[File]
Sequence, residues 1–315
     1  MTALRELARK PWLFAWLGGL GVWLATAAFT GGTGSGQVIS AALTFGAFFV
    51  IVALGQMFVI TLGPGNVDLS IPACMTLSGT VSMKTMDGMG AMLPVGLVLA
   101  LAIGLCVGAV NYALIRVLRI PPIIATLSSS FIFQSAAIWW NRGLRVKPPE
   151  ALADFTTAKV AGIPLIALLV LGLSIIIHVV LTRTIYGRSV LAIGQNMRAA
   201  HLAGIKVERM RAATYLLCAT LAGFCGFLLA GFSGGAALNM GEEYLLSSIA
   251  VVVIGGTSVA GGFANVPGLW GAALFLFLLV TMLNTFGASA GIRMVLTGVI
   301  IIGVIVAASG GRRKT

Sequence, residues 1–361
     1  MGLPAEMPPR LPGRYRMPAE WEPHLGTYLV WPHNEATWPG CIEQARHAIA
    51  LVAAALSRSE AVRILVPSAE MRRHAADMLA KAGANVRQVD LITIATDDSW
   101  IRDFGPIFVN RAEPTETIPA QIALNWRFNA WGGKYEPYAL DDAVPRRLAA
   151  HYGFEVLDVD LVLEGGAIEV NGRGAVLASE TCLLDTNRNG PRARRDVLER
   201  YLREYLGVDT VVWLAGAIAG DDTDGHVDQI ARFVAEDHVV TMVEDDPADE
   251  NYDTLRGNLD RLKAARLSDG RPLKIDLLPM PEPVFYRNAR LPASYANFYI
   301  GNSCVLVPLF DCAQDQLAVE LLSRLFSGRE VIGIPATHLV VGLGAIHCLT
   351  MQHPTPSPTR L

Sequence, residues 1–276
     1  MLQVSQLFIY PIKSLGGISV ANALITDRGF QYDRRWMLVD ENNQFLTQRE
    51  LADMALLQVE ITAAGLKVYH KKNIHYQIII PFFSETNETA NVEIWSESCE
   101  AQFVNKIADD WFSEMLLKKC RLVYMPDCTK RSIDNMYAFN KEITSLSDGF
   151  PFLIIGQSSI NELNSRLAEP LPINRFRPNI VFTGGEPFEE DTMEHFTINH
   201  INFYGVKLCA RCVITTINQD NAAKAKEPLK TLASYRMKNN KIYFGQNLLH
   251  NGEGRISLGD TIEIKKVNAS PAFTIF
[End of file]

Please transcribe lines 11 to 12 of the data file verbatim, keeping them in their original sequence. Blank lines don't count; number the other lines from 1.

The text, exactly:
    51  LVAAALSRSE AVRILVPSAE MRRHAADMLA KAGANVRQVD LITIATDDSW
   101  IRDFGPIFVN RAEPTETIPA QIALNWRFNA WGGKYEPYAL DDAVPRRLAA